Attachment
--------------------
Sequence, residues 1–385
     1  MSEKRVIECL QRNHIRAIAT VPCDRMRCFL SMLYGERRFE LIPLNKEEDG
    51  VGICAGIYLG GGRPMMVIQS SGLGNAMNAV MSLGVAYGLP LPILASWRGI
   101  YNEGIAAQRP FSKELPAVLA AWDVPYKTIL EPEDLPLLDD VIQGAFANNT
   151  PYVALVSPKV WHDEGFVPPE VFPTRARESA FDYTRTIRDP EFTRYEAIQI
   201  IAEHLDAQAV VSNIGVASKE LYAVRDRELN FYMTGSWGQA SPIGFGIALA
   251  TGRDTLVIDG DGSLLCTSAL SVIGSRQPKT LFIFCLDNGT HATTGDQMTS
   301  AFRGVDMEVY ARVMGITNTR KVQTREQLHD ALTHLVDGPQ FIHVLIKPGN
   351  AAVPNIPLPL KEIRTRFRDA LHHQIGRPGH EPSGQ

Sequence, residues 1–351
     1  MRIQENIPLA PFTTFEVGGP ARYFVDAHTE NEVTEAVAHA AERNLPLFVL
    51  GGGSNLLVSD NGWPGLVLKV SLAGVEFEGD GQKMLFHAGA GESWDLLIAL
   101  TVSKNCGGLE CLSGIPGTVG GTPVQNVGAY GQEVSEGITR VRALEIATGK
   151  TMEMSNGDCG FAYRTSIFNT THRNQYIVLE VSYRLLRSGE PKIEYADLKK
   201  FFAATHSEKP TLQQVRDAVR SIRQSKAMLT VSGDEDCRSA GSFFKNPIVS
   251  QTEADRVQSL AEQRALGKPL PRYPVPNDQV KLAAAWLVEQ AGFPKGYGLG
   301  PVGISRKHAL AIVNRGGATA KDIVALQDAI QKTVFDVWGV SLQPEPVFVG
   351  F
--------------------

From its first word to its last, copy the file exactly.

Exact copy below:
Sequence, residues 1–385
     1  MSEKRVIECL QRNHIRAIAT VPCDRMRCFL SMLYGERRFE LIPLNKEEDG
    51  VGICAGIYLG GGRPMMVIQS SGLGNAMNAV MSLGVAYGLP LPILASWRGI
   101  YNEGIAAQRP FSKELPAVLA AWDVPYKTIL EPEDLPLLDD VIQGAFANNT
   151  PYVALVSPKV WHDEGFVPPE VFPTRARESA FDYTRTIRDP EFTRYEAIQI
   201  IAEHLDAQAV VSNIGVASKE LYAVRDRELN FYMTGSWGQA SPIGFGIALA
   251  TGRDTLVIDG DGSLLCTSAL SVIGSRQPKT LFIFCLDNGT HATTGDQMTS
   301  AFRGVDMEVY ARVMGITNTR KVQTREQLHD ALTHLVDGPQ FIHVLIKPGN
   351  AAVPNIPLPL KEIRTRFRDA LHHQIGRPGH EPSGQ

Sequence, residues 1–351
     1  MRIQENIPLA PFTTFEVGGP ARYFVDAHTE NEVTEAVAHA AERNLPLFVL
    51  GGGSNLLVSD NGWPGLVLKV SLAGVEFEGD GQKMLFHAGA GESWDLLIAL
   101  TVSKNCGGLE CLSGIPGTVG GTPVQNVGAY GQEVSEGITR VRALEIATGK
   151  TMEMSNGDCG FAYRTSIFNT THRNQYIVLE VSYRLLRSGE PKIEYADLKK
   201  FFAATHSEKP TLQQVRDAVR SIRQSKAMLT VSGDEDCRSA GSFFKNPIVS
   251  QTEADRVQSL AEQRALGKPL PRYPVPNDQV KLAAAWLVEQ AGFPKGYGLG
   301  PVGISRKHAL AIVNRGGATA KDIVALQDAI QKTVFDVWGV SLQPEPVFVG
   351  F